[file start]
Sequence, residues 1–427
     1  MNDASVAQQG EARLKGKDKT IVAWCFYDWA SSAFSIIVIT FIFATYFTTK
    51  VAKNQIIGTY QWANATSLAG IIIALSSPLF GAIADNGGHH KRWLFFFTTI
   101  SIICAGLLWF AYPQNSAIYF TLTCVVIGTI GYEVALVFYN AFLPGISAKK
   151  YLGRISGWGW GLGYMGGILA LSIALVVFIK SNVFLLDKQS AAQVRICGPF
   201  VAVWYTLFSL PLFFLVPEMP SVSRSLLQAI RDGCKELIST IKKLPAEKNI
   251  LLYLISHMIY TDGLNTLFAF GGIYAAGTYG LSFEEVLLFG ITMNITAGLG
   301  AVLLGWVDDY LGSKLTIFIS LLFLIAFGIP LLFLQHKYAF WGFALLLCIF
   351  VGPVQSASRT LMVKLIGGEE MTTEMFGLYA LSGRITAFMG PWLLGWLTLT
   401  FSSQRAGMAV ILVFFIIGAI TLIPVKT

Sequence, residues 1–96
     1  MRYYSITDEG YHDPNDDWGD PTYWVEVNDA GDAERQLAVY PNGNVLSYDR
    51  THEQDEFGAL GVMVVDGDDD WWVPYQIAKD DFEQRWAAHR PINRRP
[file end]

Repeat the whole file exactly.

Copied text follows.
Sequence, residues 1–427
     1  MNDASVAQQG EARLKGKDKT IVAWCFYDWA SSAFSIIVIT FIFATYFTTK
    51  VAKNQIIGTY QWANATSLAG IIIALSSPLF GAIADNGGHH KRWLFFFTTI
   101  SIICAGLLWF AYPQNSAIYF TLTCVVIGTI GYEVALVFYN AFLPGISAKK
   151  YLGRISGWGW GLGYMGGILA LSIALVVFIK SNVFLLDKQS AAQVRICGPF
   201  VAVWYTLFSL PLFFLVPEMP SVSRSLLQAI RDGCKELIST IKKLPAEKNI
   251  LLYLISHMIY TDGLNTLFAF GGIYAAGTYG LSFEEVLLFG ITMNITAGLG
   301  AVLLGWVDDY LGSKLTIFIS LLFLIAFGIP LLFLQHKYAF WGFALLLCIF
   351  VGPVQSASRT LMVKLIGGEE MTTEMFGLYA LSGRITAFMG PWLLGWLTLT
   401  FSSQRAGMAV ILVFFIIGAI TLIPVKT

Sequence, residues 1–96
     1  MRYYSITDEG YHDPNDDWGD PTYWVEVNDA GDAERQLAVY PNGNVLSYDR
    51  THEQDEFGAL GVMVVDGDDD WWVPYQIAKD DFEQRWAAHR PINRRP